Nicholas Conley, NH

Critically Acclaimed Writer

Nicholas’s passion for storytelling began at an early age, prompted by a love of science fiction novels, comic books, and horror movies. His award-winning novel Pale Highway is influenced by his experience working with Alzheimer’s patients in a nursing home, a subject that he has also written about for publications such as Vox, Alzheimers.net, and HeadStuff.org. When not busy writing, Nicholas spends his time reading, traveling to new places, and indulging in a lifelong coffee habit.

As a Story Terrace writer, Nicholas interviews customers and turns their life stories into books. Get to know him better by reading his autobiographical anecdote below.

Echoes of Leaving

The day I moved out, my mother made me a cup of coffee. I definitely needed it. It was 5:00 AM and the sky was still black. The ground was covered in snow. It was going to be a long day and I wanted to get a head start on things. I decided to leave as soon as the coffee was finished.

As she sat down across from me, I remembered a similar scene four years ago. It was the first day of high school and as I waited for the bus, she’d made a cup of coffee then, too. It almost felt like reliving a photograph. I looked at her, wondering if she was also remembering that time. She stared out the window as I drank my cup and she drank hers, the familiar warmth of the coffee easing the surreal transition that was about to occur. After 18 years of living at home, I was going to be leaving.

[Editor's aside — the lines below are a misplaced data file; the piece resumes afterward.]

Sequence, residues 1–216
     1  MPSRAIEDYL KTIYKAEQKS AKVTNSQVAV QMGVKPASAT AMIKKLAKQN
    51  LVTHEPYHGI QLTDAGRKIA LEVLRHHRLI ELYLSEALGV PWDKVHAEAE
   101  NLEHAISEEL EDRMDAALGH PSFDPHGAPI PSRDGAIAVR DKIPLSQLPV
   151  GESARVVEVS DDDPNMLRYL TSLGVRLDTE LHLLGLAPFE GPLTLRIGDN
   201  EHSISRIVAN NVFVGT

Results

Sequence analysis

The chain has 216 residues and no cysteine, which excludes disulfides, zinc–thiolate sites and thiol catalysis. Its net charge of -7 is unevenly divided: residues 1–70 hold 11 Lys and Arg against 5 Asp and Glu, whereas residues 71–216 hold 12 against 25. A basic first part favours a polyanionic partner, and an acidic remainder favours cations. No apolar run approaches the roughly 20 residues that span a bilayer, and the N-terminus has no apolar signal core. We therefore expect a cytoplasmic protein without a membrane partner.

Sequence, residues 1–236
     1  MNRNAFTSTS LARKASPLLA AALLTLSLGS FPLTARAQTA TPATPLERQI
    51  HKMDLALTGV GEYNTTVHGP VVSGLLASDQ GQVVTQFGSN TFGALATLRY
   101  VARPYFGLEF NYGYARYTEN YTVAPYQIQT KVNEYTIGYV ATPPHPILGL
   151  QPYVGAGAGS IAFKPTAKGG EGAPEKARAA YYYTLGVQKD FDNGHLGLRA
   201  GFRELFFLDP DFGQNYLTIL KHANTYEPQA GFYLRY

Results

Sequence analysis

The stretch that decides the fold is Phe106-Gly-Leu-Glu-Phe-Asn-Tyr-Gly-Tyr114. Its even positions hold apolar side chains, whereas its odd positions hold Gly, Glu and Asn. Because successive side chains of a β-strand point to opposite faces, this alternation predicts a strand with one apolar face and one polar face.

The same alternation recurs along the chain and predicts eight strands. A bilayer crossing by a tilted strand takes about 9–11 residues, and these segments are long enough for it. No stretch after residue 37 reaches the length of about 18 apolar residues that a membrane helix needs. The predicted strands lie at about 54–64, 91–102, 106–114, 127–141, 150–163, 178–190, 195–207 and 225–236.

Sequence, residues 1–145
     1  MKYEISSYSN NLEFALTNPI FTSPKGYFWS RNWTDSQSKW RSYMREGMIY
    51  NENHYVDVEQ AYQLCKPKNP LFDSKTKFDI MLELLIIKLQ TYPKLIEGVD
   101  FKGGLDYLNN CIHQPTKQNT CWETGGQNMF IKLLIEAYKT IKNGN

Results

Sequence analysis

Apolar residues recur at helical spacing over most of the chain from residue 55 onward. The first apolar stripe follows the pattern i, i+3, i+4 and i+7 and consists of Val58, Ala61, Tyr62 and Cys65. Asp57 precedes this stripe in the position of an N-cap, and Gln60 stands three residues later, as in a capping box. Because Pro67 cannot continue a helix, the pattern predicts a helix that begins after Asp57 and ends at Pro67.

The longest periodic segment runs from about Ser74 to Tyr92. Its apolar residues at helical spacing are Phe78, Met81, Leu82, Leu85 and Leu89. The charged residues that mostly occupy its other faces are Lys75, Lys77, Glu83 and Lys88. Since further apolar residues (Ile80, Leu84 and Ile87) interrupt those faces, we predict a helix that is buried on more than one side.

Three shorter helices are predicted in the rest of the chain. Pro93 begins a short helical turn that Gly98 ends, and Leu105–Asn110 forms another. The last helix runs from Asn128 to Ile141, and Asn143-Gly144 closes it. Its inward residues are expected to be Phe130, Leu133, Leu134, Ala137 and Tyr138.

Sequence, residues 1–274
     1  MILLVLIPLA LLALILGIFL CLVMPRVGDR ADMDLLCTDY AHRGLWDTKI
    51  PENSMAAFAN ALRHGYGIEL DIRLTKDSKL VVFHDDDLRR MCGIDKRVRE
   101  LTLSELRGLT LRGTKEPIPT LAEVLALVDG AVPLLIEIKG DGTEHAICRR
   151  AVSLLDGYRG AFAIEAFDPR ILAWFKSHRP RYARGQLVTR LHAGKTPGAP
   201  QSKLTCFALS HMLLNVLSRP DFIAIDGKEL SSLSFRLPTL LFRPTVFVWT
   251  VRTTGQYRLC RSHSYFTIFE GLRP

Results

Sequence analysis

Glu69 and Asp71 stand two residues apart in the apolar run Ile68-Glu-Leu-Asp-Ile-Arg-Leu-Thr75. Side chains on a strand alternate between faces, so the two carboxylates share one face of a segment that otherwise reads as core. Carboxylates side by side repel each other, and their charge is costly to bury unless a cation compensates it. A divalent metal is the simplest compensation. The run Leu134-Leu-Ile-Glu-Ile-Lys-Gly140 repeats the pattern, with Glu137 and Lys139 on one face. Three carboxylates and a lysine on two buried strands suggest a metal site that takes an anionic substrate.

A long time ago, my mother wrote a poem anticipating this event. I guess everyone imagines it before it happens, both parent and child; it’s one of those defining moments in life. She’d predicted I’d feel a kind of resolve, that I’d have pictured the whole scene in my head well ahead of time. She was right, but not completely. The day when you move out is the kind of thing that sneaks up on you. It’s something you can’t be ready for. All the speeches you planned in your head evaporate like mist on a sunny day.

We’d exchanged no more than a few words. I kept grasping for something significant to say, some way to show how much I’d grown up, to make her feel comfortable with the fact that I was departing. I couldn’t. There were no regrets, I knew that this was something I needed to do, but at the same time it felt more like a chapter in a book than a real moment. There’s nothing quite like that feeling when you first realize your world is truly yours and no one else’s.

So as soon as I finished my cup of coffee, I stood up. Tears were in my eyes, but they weren’t going to be released until I started driving. We hugged goodbye, said a few token words, and just like that, I left. I stole a final glance at the house I’d grown up in, and then charged forward into the real world. My car rolled out of the driveway, chewing up gravel beneath its tires. I whipped around the corner, taking off into the first streaks of dawn. The arrows pointed forward and life was mine for the taking.

Sometimes, as much as you love the comforts of home, you have to leave them. You need to step into the world and carve your place into it. You can’t look back too long, or you’ll never move forward. All you can do is go.

Montero

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